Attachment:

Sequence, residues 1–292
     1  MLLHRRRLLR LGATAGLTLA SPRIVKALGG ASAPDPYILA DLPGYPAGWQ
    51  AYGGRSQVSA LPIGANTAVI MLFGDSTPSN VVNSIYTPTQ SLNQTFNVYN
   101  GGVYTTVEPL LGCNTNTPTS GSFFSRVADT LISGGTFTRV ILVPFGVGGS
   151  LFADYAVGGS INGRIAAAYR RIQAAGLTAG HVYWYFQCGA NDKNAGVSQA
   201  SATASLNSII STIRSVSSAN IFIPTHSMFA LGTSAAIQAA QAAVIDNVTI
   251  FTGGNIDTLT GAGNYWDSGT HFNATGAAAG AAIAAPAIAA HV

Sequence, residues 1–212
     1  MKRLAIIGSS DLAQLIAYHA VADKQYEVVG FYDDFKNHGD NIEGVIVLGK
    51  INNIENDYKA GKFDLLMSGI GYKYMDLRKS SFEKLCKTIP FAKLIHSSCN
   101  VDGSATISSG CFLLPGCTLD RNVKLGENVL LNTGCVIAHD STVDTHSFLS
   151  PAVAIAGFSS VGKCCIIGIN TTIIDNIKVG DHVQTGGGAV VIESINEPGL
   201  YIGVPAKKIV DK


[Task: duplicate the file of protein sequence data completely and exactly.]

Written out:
Sequence, residues 1–292
     1  MLLHRRRLLR LGATAGLTLA SPRIVKALGG ASAPDPYILA DLPGYPAGWQ
    51  AYGGRSQVSA LPIGANTAVI MLFGDSTPSN VVNSIYTPTQ SLNQTFNVYN
   101  GGVYTTVEPL LGCNTNTPTS GSFFSRVADT LISGGTFTRV ILVPFGVGGS
   151  LFADYAVGGS INGRIAAAYR RIQAAGLTAG HVYWYFQCGA NDKNAGVSQA
   201  SATASLNSII STIRSVSSAN IFIPTHSMFA LGTSAAIQAA QAAVIDNVTI
   251  FTGGNIDTLT GAGNYWDSGT HFNATGAAAG AAIAAPAIAA HV

Sequence, residues 1–212
     1  MKRLAIIGSS DLAQLIAYHA VADKQYEVVG FYDDFKNHGD NIEGVIVLGK
    51  INNIENDYKA GKFDLLMSGI GYKYMDLRKS SFEKLCKTIP FAKLIHSSCN
   101  VDGSATISSG CFLLPGCTLD RNVKLGENVL LNTGCVIAHD STVDTHSFLS
   151  PAVAIAGFSS VGKCCIIGIN TTIIDNIKVG DHVQTGGGAV VIESINEPGL
   201  YIGVPAKKIV DK